Kreitner invented an apt term to describe his art: Minimalist Kinetics. He locates his artworks on the horizon of two central movements in modern abstract art: Kinetics and Minimalism. Up until now, these two tended to be regarded as polar opposites. Especially in connection with the phenomenon of art. Kinetic art tended toward the baroque, Minimalism to the ascetic. Kinetics became a metaphor for summing up the individual experience of the modern world in a single word; and in Minimalism the principle of “less is more” culminates in a functionalist Modernism. Perhaps Minimalist Kinetics signifies motion reduced to its essence, in other words: to its necessity. This necessity consists in graphic psycho-physiological re-enactment. Only when movement becomes an end in itself, elevating itself as it were to standstill, does it become minimalist. This is also where natural science and the arts overlap.
Without doubt, Kreitner’s minimalist kinetic objects are witnesses to an artistic Modernism. They do not recount or illustrate anything. They share Modernism’s claim to autonomy, but not its hermeticism. Their kinship with kinetic as well as minimalist art is nonetheless at once close and far removed. They exhaust their possibilities neither in the hectic confusion of their inner workings nor in the erratic silence of the unchangeable. Their movements are slow, measured, gentle. Their light does not blind; it glows from within like in the paintings of Vermeer. The severity of the geometric is prised open, the playful dominates the rational, not vice-versa. And unless we are completely mistaken, once in a while a kernel of humour twinkles through. An aluminium stele with a diameter of eleven centimetres and a height of two metres, made up of three separate parts, does not soar upward unremittingly to infinity like Brancusi’s column, but instead bends downward again, the middle and upper sections mobile, lurching its way up rather than ascending in a smooth and uncompromising trajectory. Many viewers have read into the objects a human dimension, without the artist having deliberately anthropomorphised his works in any way.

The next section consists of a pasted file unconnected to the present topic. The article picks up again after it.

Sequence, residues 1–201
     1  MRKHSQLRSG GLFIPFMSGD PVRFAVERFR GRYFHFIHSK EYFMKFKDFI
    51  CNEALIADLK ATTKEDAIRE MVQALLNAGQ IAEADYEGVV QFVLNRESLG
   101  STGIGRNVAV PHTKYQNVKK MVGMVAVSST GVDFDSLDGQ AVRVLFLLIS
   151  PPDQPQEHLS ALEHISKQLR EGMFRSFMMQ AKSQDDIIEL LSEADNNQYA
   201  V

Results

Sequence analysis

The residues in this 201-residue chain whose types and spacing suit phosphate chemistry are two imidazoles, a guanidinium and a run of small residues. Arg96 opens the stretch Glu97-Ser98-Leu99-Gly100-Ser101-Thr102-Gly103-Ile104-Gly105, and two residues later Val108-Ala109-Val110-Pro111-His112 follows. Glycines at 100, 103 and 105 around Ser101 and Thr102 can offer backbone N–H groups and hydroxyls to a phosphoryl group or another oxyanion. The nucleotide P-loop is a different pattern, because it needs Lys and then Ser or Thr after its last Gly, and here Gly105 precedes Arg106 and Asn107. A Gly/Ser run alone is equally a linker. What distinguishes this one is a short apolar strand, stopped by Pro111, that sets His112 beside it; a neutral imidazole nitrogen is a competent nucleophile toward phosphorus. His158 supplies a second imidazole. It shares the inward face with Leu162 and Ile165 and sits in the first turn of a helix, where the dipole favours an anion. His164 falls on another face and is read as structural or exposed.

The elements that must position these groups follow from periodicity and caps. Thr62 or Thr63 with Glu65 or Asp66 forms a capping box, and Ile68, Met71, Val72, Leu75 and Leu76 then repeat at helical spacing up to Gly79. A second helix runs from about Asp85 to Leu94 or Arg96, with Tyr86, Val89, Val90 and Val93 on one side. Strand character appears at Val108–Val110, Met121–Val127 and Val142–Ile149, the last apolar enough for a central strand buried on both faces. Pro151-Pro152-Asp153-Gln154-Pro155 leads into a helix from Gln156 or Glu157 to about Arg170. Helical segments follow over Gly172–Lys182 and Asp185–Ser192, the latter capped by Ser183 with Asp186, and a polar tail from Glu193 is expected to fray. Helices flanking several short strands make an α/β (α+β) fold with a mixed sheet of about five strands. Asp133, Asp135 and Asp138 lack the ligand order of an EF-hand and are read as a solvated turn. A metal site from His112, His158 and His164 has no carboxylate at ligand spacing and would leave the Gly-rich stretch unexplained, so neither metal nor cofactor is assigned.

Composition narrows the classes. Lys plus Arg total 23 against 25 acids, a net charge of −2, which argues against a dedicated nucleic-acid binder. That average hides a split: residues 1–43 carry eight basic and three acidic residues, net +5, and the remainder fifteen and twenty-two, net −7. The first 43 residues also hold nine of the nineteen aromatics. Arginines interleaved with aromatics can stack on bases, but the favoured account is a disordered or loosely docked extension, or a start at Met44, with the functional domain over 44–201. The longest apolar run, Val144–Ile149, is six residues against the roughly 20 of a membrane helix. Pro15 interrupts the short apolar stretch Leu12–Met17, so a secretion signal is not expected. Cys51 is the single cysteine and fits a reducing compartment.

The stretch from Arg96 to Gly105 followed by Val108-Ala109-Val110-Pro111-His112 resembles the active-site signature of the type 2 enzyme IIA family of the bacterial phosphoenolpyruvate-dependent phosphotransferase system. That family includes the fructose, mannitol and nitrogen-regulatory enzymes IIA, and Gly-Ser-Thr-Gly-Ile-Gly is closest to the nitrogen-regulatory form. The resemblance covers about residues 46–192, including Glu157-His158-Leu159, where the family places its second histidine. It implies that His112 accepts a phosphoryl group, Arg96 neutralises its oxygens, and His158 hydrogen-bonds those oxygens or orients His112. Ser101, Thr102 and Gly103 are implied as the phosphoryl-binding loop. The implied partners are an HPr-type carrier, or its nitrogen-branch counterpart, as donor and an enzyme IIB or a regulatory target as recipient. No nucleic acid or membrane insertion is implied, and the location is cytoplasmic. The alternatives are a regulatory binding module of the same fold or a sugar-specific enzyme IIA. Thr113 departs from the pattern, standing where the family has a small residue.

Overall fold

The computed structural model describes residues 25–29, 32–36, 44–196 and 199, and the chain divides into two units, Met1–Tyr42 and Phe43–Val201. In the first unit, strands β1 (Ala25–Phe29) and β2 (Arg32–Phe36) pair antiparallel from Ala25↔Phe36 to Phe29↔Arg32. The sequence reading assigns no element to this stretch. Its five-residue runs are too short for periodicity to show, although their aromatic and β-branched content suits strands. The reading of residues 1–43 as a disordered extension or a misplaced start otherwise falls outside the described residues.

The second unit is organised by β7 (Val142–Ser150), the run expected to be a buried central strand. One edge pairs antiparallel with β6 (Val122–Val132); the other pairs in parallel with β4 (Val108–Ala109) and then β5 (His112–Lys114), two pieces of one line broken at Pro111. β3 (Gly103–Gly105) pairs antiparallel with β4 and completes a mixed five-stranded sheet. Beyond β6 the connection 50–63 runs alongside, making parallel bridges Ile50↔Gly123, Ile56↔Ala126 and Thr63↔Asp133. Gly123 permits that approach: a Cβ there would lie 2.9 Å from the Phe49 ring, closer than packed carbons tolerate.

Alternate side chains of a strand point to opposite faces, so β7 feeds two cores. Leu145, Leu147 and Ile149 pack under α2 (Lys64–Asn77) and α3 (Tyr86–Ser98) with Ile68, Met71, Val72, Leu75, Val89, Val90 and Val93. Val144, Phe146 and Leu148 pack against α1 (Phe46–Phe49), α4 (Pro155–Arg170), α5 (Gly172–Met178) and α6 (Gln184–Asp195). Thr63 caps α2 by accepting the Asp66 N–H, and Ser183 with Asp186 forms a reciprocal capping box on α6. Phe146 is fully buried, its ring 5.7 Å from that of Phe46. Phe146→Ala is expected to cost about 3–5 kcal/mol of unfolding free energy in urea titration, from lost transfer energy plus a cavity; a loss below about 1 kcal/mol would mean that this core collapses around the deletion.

Colour has come into play of late. This has the effect of increasingly shifting the movement from the primary, real level of things to the plane of visual perception. The result is a gain in complexity. Visual perception short-circuits rational and emotional reactions. Through precisely controlled sequences, the colour takes on the quality of energy made tangible. Distilled into colour, the light pulsates and seems ready at any moment to transcend the objects’ material shell to enter a virtual realm.
Although Kreitner never steps out of the terrain of art, it’s not difficult to project his objects onto the foil of the growing insecurities we feel about our world of experience. They are the products of an urge to play. Like all revolutionary inventions in recent history. The principle of “trial and error” guides their design. Kreitner eschews detailed sketches. The possibility of failure is inscribed in the artist’s work process. But to no lesser extent the possibility of discovering something even more unimaginable. “The great hope for the world is that, while we are playing with the world and our experiences, we will have the opportunity to select the best result.” (Nassim Nicholas Taleb). Siegfried Kreitner is on the way there.